Ancient Privileges: Beowulf, Law, and the Making of Germanic Antiquity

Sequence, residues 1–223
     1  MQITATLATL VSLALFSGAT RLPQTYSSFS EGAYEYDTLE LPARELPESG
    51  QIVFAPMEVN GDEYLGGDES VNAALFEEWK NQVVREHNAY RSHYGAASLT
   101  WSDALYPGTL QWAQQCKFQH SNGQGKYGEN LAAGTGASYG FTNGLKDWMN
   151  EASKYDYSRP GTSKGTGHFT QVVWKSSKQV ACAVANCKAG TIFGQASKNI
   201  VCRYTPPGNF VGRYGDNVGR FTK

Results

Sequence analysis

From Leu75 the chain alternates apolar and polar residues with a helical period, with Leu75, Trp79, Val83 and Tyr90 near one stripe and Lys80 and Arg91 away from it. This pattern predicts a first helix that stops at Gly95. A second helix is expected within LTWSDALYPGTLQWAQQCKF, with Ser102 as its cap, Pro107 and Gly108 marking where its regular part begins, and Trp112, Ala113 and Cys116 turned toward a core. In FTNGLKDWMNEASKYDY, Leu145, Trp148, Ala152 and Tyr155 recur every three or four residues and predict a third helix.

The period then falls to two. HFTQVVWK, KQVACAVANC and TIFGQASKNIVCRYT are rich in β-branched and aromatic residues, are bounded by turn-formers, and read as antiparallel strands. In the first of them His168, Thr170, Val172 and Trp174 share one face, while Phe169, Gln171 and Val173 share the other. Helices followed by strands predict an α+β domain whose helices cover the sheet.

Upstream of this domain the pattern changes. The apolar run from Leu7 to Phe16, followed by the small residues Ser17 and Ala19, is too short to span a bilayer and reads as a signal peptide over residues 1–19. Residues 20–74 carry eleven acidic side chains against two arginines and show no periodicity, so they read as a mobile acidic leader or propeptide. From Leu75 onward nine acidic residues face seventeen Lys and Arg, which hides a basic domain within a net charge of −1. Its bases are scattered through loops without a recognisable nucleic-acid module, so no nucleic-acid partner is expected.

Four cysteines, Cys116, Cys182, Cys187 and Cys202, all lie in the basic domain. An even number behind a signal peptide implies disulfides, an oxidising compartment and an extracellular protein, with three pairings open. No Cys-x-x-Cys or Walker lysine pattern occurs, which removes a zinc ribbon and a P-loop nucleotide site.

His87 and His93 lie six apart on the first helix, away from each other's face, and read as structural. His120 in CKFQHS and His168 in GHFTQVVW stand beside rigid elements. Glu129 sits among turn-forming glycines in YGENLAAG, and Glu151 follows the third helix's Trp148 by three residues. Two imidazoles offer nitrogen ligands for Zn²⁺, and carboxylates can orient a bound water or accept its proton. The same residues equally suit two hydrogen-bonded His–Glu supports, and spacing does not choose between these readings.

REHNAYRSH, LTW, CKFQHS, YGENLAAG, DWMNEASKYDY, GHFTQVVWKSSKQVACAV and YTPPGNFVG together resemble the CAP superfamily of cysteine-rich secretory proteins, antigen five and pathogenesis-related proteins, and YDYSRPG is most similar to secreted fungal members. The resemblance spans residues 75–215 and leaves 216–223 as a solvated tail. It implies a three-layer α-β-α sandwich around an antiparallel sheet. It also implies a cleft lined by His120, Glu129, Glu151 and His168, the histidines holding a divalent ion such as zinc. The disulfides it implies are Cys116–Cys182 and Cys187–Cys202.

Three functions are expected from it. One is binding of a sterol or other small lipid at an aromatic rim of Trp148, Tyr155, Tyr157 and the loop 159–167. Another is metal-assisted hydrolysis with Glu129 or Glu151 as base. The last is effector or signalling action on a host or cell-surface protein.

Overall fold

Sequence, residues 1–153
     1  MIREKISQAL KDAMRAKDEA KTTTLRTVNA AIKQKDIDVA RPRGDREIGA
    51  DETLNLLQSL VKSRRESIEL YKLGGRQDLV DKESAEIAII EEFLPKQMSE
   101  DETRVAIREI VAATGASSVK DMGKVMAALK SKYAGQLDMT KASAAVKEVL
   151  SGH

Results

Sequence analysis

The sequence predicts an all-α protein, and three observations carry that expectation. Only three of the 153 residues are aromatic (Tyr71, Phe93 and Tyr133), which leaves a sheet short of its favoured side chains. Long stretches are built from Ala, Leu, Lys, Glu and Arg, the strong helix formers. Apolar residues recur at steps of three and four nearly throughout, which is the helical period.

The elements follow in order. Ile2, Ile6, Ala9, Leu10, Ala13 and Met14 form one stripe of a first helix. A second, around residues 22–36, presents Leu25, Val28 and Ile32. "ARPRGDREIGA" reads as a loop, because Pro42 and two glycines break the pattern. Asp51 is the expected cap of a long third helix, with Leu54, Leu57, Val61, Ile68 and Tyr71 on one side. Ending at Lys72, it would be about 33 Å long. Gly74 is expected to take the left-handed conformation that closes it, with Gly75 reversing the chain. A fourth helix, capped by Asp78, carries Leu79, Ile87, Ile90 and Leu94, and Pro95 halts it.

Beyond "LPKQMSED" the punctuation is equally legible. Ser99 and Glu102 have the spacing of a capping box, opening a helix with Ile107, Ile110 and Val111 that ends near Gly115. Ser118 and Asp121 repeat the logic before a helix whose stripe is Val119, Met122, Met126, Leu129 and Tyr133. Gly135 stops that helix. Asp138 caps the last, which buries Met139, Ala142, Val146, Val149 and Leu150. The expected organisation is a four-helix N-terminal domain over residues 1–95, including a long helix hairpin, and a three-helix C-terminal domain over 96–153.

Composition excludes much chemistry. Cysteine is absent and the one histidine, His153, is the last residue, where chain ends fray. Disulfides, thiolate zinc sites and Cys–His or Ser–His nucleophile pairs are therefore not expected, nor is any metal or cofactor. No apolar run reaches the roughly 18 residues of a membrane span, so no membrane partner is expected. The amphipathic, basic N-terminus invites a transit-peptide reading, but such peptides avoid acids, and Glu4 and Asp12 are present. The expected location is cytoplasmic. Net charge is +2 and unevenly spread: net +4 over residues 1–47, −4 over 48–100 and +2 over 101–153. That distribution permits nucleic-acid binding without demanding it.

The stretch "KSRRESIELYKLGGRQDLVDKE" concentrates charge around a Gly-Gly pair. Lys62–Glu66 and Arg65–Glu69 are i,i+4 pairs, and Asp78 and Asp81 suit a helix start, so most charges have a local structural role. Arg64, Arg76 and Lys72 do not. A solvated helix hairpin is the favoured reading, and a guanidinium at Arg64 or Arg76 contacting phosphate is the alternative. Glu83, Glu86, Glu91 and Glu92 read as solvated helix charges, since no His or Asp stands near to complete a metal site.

One of the great triumphs of nineteenth-century philology was the development of the wide array of comparative data that underpins the grammars of the Old Germanic dialects, such as Old English, Old Icelandic, Old Saxon, and Gothic. These led to the reconstruction of Common Germanic and Proto-Germanic languages. Many individuals have forgotten that scholars of the same period were interested in reconstructing the body of ancient law that was supposedly shared by all speakers of Germanic. Stefan Jurasinski's "Ancient Privileges: Beowulf, Law, and the Making of the Germanic Antiquity" recounts how the work of nineteenth-century legal historians actually influenced the editing of Old English texts, most notably "Beowulf," in ways that are still preserved in our editions. This situation has been a major contributor to the archaizing of "Beowulf." In turn, Jurasinski's careful analysis of its assumptions in light of contemporary research offers a model for scholars to apply to a number of other textual artifacts that have been affected by what was known as the historische Rechtsschule. At the very least, it will change the way you think about "Beowulf."